Chapter Eight: A Question of Character Final Draft

“Hate me.

I love when things are complicated.”

Koraki to Anika

Arajuan did not have the luxury to stop. A tight schedule meant he had to push on. He could still smell her blood on him, feel her heartbeat against him. His own heart pounded against his ribcage. He knew this feeling, a roar in his chest from a time before he was Arajuan. She was the lady of shadows; how could he do this to her?

Arajuan had to shake this off, aloof, wicked, heartless. This is war, the price of war is death. He would laugh but it was not funny. The men followed him, orcs were the core group, from the same tribe Tsuke and Tuk hailed. The others were victims of towns he decimated. He relished in their fear when new towns he conquered saw his necromantic arts. It was a delight when they knew they bound their fate to him.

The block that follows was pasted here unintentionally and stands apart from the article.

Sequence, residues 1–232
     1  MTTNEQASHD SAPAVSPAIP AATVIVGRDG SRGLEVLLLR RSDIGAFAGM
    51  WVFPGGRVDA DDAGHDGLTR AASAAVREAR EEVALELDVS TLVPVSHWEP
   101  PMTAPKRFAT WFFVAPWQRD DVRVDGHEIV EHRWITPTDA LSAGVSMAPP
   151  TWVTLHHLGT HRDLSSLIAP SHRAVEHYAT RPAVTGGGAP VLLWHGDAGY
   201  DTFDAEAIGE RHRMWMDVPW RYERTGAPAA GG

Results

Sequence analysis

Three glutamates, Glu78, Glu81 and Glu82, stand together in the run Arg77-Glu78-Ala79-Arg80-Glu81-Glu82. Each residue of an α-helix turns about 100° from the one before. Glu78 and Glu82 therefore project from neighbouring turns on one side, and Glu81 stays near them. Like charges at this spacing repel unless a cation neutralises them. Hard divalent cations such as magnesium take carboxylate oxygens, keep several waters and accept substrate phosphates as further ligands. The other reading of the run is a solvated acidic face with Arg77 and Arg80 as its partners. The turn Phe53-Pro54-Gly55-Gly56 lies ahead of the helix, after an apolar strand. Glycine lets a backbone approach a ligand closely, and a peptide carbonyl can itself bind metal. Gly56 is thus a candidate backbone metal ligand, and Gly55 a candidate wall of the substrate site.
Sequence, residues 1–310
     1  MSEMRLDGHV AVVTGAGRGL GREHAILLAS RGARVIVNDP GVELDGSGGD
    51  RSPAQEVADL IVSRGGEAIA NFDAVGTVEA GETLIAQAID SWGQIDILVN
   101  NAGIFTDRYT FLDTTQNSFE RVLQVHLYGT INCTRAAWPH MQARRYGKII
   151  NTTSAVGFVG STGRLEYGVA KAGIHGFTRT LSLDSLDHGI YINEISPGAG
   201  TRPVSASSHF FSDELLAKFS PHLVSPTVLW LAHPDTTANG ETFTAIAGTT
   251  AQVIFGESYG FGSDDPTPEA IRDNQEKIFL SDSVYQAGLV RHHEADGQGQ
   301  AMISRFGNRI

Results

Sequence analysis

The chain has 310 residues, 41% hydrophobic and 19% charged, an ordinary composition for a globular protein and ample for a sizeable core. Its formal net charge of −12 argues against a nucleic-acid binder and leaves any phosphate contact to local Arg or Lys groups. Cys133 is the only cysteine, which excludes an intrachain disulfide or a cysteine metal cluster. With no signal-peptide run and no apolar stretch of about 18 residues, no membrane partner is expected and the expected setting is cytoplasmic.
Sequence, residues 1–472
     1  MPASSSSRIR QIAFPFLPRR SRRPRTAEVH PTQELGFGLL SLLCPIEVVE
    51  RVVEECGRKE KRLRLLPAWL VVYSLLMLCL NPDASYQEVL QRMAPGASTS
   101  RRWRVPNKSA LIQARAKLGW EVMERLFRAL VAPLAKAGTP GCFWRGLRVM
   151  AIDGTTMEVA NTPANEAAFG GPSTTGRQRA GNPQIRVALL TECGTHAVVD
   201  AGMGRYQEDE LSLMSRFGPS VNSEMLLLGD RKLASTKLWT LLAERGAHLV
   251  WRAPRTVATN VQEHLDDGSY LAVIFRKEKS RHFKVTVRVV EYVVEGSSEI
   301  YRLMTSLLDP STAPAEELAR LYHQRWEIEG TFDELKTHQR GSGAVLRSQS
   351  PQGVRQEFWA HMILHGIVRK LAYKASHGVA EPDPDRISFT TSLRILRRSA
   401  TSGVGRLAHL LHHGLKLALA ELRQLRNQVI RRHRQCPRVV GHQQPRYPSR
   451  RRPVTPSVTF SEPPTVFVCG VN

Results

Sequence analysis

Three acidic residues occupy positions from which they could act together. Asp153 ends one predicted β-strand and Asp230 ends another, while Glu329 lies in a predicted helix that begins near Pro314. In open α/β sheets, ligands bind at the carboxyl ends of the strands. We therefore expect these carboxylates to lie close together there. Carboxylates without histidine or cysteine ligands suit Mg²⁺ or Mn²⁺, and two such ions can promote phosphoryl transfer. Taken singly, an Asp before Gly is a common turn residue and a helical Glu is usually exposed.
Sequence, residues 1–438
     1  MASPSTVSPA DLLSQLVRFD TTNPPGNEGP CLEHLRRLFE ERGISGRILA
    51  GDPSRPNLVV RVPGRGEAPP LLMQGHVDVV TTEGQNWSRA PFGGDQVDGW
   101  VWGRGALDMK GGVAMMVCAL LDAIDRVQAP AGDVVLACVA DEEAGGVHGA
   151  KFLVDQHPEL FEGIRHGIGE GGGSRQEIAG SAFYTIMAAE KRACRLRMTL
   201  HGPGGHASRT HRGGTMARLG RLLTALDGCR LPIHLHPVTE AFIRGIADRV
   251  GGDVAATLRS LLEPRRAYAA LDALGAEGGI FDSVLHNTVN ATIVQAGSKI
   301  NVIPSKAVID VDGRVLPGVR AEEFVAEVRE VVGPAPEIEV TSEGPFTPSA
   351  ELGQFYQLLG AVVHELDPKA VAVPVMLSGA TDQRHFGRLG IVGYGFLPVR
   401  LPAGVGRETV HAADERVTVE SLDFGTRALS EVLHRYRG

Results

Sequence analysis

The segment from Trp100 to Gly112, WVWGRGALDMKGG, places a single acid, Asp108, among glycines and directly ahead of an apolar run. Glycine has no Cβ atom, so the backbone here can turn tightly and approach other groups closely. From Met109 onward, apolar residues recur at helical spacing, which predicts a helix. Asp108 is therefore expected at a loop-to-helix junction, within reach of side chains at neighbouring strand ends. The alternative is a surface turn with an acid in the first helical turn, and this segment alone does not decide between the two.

The war drums played as they marched. Socrates landed on his shoulder. He knew his master better than anyone; they were bonded as brothers. Socrates sensed Arajuan’s troubled heart.

“The girl, was she the wyrmling?” Socrates asked

“Yes, and I left her to die. I had no choice. My orders were to slay her. If she had just kept her mouth shut, she’d stay with me forever.” Arajuan sighed. “Hear that Socrates, my friend? It is the call of the war drum. Thump, thump, a heartbeat and it summons me to war.”

“You will forget her then? Let her die?” Socrates asked, “Won’t that jeopardize?”

Arajuan rose his left hand to interrupt Socrates and halted his men. At the front of the line a man who wore a well-made Greek style armor approached. His hair was dark brown, his face a skull held together by jaw muscle and tendons. His eye sockets had brown eyes seated there.

“Sire, why are we stopped now?” He spoke.

“Typhos, lead the men forward and conquer Stockholm. I will be with you shortly.”

“As you wish, my lord.”

Typhos gathered the men and pressed on. Arajuan meanwhile raised his hands to the heavens, his mouth gaped open as a growl rang through the valley. It filled the air with fear and despair as blood and fire rained down.
“Arah Hwan!” the roar sounded like his name and it echoed off the mountains. He repeated the sound for 3 minutes. A storm of fire, blood and lightening ravaged the area. A storm of his grief, he could not lose her. This would distract Gori. Gori couldn’t see him now.